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RE: SoCA Airports To Be Slot Controlled In The Future?

Fri Jun 16, 2006 4:09 pm

Quoting Laxintl (Reply 1):
Airports however can place restrictions on overall passenger volume, aircraft size, curfew hours as they wish.

Only LAX can do so because LAWA also operates ONT. A single airport operator cannot impose such restrictions unless they have a noise variance.

SoCal airports slot controlled? No. Traffic jams... Yes. At the rate SAN is going Lindbergh be the 737RS/787-3/8 capital of the world if they can find space for about 40 787-3/8 gates and 24 737RS gates. That's all the gates that place can handle.

Quoting Carpethead (Reply 3):
Why not bulldoze the NIMBY's houses?

Easier said then done. While at SAN 10 years ago we pondered this option. Suddenly homes became "historical".

[Edited 2006-06-16 09:20:42]
 
PanAm747
Topic Author
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RE: SoCA Airports To Be Slot Controlled In The Future?

Sat Jun 17, 2006 12:59 am

I sent this in to the Union-Tribune today. Whether it gets published or not, we'll see. I should have sent on behalf of all the a.netters...

Here it is:

Quote:
To the editors of the Union-Tribune:

As a proud San Diegan, I will be the first to loudly proclaim, "I LOVE LINDBERGH!!" I love watching planes floating over the city from Balboa Park and downtown, I love the convenience of a downtown airport, and I love that it is a simple, easy-to-use, friendly airport.

That being said, I wish to address a few things that have been said about its future and the possibility of Miramar becoming our next airport.

One of the saddest statements being tossed around concerns the use of LAX, and how that should be our fallback position. Recently, the cities of Los Angeles, El Segundo, & Hawthorne all signed an agreement regarding LAX's future. From the website www.laxmasterplan.org, I quote:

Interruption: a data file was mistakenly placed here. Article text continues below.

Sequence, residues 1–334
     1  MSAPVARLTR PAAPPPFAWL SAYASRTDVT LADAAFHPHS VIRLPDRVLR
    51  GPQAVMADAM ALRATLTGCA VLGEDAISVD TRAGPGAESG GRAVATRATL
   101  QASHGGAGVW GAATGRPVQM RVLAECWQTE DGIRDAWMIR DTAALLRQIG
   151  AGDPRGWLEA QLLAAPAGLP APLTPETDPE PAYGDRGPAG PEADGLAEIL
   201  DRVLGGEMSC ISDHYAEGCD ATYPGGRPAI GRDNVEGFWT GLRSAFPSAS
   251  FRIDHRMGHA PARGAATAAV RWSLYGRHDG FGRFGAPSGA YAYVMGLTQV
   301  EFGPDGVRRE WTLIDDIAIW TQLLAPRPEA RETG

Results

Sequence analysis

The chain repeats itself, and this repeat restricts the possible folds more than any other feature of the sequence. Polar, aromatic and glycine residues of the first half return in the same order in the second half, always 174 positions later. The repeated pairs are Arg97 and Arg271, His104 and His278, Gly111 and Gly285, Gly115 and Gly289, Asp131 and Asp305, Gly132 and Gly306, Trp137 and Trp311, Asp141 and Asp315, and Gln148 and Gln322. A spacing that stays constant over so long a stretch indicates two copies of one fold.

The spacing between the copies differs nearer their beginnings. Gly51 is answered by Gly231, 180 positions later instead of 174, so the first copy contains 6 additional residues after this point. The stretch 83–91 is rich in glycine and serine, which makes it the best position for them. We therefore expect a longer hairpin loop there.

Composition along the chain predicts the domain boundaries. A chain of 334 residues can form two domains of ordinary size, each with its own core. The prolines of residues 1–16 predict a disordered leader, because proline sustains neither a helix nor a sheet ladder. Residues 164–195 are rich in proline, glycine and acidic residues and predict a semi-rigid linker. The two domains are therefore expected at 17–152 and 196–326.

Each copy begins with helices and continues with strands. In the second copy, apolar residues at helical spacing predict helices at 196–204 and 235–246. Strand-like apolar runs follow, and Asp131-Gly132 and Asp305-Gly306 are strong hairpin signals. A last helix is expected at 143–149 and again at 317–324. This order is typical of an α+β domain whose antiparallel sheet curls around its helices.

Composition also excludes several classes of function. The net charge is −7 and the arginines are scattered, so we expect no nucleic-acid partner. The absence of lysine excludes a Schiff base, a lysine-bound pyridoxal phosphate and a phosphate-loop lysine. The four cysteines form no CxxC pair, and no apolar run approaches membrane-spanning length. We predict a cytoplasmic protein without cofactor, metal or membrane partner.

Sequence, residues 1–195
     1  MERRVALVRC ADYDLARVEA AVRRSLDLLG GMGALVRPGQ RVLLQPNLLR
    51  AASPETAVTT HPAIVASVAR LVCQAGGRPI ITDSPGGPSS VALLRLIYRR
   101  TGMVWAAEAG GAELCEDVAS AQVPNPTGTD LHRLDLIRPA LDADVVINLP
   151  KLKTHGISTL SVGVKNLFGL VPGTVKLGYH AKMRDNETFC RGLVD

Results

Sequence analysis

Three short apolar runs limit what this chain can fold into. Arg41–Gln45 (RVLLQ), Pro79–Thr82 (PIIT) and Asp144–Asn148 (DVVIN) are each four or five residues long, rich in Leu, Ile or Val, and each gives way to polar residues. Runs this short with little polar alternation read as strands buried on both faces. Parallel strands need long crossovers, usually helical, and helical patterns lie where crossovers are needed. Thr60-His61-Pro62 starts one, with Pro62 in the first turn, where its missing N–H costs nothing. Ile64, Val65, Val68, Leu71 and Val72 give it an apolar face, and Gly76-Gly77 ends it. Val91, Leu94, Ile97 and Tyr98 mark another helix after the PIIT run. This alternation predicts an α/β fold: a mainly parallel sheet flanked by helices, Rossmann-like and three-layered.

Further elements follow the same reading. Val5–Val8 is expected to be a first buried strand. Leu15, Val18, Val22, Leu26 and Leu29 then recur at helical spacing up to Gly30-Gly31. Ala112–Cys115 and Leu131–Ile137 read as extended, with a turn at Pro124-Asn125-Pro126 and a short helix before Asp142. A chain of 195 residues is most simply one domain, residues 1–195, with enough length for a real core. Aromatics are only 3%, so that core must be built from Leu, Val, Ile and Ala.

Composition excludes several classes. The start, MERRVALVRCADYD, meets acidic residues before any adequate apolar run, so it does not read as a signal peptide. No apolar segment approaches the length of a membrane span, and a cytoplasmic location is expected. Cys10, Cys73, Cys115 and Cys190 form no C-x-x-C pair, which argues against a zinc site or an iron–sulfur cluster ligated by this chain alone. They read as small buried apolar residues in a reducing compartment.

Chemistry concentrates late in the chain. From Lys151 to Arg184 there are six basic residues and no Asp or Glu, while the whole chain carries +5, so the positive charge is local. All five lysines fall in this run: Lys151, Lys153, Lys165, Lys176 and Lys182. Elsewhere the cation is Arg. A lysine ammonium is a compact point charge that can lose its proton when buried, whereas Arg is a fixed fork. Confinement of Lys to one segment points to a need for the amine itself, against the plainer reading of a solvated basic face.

Gate Space to Accommodate Approximately 78.9 Million Annual Passengers (MAP). Gate space is reconfigured to accommodate larger gates for current and next-generation aircraft associated with international and long haul domestic travel. The number of aircraft gates will decrease from the existing 163 to 153 to place practical constraints on numbers of operations and passengers handled and limit the throughput of LAX to approximately 78.9 MAP.

In other words, LAX will be REDUCING capacity once it reaches 78,900,000 annual passengers. Some projections place the demand in upcoming years of up to 120 MAP. Where will they go? Burbank? Orange County? Long Beach?

No - all three of those airports are closed in and face neighbors determined to not just slow their growth, but close them down outright. Burbank airport cannot make one change to the airport at all - it is the law. Even the federally mandated luggage inspections have to take place outside, as the law prohibits even the slightest modification to any portion of the airport.

Orange County has one of the shortest runways for commercial operation in the United States, barely half as long as Lindbergh Field's, at 5700 feet in length. This airport is closed completely from 10:00 PM to 7:00 AM - and unlike Lindbergh, no landings are permitted. Newport Beach, the community at the end of the runway, would just as soon the airport be closed completely.